Error Coins - Mules - Part 6


This article gives out information on types of error coins. As the number of error coins classification is quite large, the article is divided into 6 Parts.
Part 1: Design Errors
Part 2: Die Making Errors
Part 3: Planchet Errors
Part 4: Strike Errors
Part 5: strike Errors Continued
Part 6: Mules
Part 7: Mis-Sold Mules

Mules:


[For other popular Mules that are actually Die-Varieties, refer to the next post]

These are errors where one side of the Obverse of a coin is struck with a Reverse Die of another coin or Vice Versa. These types of errors are rare compared to other types errors.

For a coin to be struck, it requires a pair of dies. Obverse and Reverse. In case of definitive’s, the Reverse is more often carried over from previous designs. In case of Commemoratives, the Obverse is more often carried over various designs. The Mint Master for any given coin decides the correct pair of Obverse and Reverse die’s to be used. In a mule error, the operator makes an error at the time of loading the die into the press.
In a strict definition, for a Mule error, the error must happen by the press operator at the time of loading the die. In other words, the the Mint Master knowingly determines that 2 dies are same and uses them interchangeably, then it would constitute a variety rather than Mule.
As what happens inside the mints is never known and hence it makes it very difficult for one to determine whether a particular coin a Die Variety or Mule. Quite a few times is very simple, take for example the Rs 5 with the Reverse of Rs 1 die or the Rs 2 coin with Reverse of Rs 10. By no stretch of imagination one can say that Mint Master intended to use these as the size itself is different. On the other hand there are certain coins in the recent times where the mints have been interchangeably using 2 to 3 types of Obverse dies. It then becomes difficult to predict and often is a matter of intense debates.

During discussing the mules quite a few numismatists use incorrect terms, for example they would say that there is a Mahavir Obverse or an ICDS Obverse etc. One should avoid such terms, and use it only for clarity . For example there is nothing called a Mahavir Obverse, the Obverse use in the Mahavir coin has been used for quite a few other coins before as well.
Criteria for Determining Mules:
In absence of what actually happens inside the mint, the guidelines for determining the mules would be;

  1. Do the Obverse [or Reverse] belong to different denomination that have a distinct design. If so its no arguments and one can easily call these Mules. The best example of these in Indian Coinage would be the Rs 2 definitive with Obverse of Rs 10 Definitive or Rs 5 with Rs 1.
  2. Are there pairing of 2 Obverse [or Reverse] dies, then its no brainer. The best example of these are Rs 5 of XIX Common Wealth Games and Rabindranath Tagore.
  3. Is there is distinct design adopted for the coin [mostly applicable for Commemoratives]. If so then anything else would be Mule. The best example of these are the 50 Paise of Indira Gandhi and the Rs 1 of Ambedkar. The coins had distinctive Obverse with dots around the periphery.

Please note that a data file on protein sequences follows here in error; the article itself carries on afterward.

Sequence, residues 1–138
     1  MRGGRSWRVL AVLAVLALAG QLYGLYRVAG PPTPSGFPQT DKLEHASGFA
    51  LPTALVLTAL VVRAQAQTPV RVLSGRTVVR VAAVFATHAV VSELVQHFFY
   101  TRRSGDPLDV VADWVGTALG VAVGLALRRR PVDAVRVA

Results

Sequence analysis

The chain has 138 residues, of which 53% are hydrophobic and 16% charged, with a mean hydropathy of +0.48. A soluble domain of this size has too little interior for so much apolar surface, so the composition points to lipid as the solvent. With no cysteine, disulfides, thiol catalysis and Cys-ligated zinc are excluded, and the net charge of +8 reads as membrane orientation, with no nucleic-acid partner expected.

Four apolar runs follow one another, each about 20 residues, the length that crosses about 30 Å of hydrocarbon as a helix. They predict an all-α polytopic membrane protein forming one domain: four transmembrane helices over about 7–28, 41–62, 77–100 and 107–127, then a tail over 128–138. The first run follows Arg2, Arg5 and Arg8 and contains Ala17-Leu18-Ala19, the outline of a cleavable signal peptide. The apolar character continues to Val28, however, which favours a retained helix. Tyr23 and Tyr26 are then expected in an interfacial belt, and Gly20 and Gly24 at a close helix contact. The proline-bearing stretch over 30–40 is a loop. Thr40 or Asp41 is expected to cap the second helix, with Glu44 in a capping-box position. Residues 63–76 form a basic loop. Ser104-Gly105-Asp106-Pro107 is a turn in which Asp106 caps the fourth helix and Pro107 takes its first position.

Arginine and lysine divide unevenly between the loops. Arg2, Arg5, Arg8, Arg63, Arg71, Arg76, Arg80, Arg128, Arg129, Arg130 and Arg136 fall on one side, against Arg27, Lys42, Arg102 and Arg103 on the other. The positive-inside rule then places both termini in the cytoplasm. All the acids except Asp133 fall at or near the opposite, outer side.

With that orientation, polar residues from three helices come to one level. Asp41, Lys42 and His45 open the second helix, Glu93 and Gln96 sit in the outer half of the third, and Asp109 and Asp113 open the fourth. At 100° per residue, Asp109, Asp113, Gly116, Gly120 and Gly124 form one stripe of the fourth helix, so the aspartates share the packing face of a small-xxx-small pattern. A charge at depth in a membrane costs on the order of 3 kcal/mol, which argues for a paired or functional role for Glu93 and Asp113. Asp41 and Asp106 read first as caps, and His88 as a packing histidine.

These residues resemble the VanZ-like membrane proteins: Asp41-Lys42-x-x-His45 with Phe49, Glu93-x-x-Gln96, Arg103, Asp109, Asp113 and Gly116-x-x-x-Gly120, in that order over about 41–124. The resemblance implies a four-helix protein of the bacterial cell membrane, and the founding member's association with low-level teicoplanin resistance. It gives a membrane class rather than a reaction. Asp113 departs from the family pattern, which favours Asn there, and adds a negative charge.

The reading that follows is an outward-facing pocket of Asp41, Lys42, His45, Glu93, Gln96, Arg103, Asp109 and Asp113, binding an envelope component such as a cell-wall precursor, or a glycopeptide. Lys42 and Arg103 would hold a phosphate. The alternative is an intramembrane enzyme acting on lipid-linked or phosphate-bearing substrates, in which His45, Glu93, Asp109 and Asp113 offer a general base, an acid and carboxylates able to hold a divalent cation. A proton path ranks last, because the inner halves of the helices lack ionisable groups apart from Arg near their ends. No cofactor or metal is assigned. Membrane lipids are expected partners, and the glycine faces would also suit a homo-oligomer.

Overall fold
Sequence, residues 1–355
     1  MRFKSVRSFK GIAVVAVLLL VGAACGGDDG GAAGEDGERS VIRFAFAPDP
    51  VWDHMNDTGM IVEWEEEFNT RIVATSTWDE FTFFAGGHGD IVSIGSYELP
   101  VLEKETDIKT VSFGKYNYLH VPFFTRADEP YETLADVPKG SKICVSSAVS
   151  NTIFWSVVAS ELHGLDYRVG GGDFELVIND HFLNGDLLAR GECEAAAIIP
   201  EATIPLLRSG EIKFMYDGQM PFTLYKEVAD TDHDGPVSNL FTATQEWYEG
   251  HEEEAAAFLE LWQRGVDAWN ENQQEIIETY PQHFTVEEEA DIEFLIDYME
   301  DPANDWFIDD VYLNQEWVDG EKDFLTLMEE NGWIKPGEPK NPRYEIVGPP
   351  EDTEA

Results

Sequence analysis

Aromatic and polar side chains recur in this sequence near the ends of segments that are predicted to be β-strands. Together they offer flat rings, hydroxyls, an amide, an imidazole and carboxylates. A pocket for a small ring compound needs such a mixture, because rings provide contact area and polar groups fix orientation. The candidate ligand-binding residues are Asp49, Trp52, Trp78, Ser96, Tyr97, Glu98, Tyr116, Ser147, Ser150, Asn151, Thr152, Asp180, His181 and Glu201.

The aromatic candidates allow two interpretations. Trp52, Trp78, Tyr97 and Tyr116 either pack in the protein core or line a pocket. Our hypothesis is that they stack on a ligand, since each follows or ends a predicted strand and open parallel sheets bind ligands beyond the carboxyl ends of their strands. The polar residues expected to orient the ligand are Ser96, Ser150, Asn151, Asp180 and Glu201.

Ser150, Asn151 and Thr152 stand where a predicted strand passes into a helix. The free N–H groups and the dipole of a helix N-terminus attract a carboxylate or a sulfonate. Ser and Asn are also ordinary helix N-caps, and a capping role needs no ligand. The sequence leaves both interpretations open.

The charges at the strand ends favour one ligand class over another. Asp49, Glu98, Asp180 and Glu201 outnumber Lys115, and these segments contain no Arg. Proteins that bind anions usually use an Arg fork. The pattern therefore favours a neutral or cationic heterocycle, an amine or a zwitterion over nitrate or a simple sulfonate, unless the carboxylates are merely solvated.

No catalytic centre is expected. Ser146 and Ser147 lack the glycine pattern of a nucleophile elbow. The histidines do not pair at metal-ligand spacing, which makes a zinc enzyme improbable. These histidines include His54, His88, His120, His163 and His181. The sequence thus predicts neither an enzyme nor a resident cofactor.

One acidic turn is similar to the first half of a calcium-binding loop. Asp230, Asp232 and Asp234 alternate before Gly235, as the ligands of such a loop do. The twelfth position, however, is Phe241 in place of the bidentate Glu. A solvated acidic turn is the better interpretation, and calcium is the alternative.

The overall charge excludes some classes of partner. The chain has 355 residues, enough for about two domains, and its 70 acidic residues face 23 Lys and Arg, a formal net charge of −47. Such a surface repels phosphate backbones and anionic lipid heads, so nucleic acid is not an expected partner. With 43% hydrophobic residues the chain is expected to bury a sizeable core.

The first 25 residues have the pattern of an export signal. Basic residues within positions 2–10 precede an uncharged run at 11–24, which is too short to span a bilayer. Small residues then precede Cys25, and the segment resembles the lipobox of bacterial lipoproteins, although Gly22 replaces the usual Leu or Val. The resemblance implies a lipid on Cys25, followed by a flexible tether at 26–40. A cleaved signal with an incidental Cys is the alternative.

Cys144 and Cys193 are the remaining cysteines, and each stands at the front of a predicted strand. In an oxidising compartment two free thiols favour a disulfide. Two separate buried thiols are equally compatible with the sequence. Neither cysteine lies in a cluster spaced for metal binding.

4. Are the Coin boundaries sharp. If the coin boundaries are sharp, one can argue that a new die was introduced and the old discontinued. Hence any coin with the discontinued die would be a mule. These then fall into a debatable category. In certain cases it can be easily established, in other a study of all the coins in the period is required before one can conclude if it’s a Mule or not.
  5. Quantity Argument. Although not 100% right and true at all times, but the logic is eventually the mint operator would recognize a Mule error Sooner and recall the batch. Hence it is expected that on an overall basis, the quantity of Mules would be less compared to regular ones. However if it’s a Die Variety, one would have almost equal number of either coins. This again at times becomes speculative as it’s possible to be a Die Variation but struck with only one die and hence less in quantity. This would again need study of other coins in the period before one can conclude if it’s a Mule.
Myths:

  1. I have seen quite a few times the arguments; where both the coins are being manufactured parallel [or in same year], the reasoning that for mix-up to happen both the coins need to be minted at the same time. Although it makes the minting easier for mix-up, its is by no means mandatory.
  2. Coin boundaries are always sharp. IE when a new Die is introduced, the old one gets immediately discontinued. This is not true and there are quite a few times when the mint has used 2 dies in parallel for quite sometime. In such case all these become Die Varieties and not Mules.


1979 – 10 Paise – International Year of the Child
From 1974 to 1978, there were 5 commemorative coin in 10 paise denomination. All these used the Obverse die as shown in picture [extreme Right]. In the year 1979 for the 10 Paise of Happy Child Nation’s Pride, a new Obverse die type was created. This was slightly different from the older die in terms of font, lettering. and Ashoka Emblem [See Image on left].
There are certain coins, were the Obverse of the old type was used with this coin and hence a Mule.

For more details on various Obverse design, read the post here.



1985 - 50 Paise - Indira Gandhi Mule
A New Obverse design was introduced in 1985 to include “Satya Mave Jayate” as part of the Emblem. The RBI & Fisheries coin were to use this new Obverse. The Indira Gandhi coin also released in the same period had a different Obverse with predominant dots around to periphery to match the Reverse design. For more details on the various Obverse Die’s read the article here.



1985 - 50 Paise - Fisheries Mule